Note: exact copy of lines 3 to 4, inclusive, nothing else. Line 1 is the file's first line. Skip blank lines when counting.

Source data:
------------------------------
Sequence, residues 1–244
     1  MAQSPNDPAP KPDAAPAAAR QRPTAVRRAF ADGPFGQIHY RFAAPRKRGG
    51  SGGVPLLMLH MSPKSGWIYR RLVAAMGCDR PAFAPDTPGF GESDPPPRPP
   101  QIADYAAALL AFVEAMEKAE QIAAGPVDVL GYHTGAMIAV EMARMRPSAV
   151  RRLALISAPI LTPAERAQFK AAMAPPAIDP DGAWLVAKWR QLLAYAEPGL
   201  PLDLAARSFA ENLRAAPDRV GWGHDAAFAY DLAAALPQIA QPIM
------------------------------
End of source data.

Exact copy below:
    51  SGGVPLLMLH MSPKSGWIYR RLVAAMGCDR PAFAPDTPGF GESDPPPRPP
   101  QIADYAAALL AFVEAMEKAE QIAAGPVDVL GYHTGAMIAV EMARMRPSAV